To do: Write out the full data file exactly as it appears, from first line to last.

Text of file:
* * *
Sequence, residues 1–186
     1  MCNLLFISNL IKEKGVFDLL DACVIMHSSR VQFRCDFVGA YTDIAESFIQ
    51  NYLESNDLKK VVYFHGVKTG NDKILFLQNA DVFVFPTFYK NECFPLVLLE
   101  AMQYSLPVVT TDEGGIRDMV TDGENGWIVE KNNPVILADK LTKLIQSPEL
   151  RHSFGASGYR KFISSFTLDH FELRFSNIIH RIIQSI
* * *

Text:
Sequence, residues 1–186
     1  MCNLLFISNL IKEKGVFDLL DACVIMHSSR VQFRCDFVGA YTDIAESFIQ
    51  NYLESNDLKK VVYFHGVKTG NDKILFLQNA DVFVFPTFYK NECFPLVLLE
   101  AMQYSLPVVT TDEGGIRDMV TDGENGWIVE KNNPVILADK LTKLIQSPEL
   151  RHSFGASGYR KFISSFTLDH FELRFSNIIH RIIQSI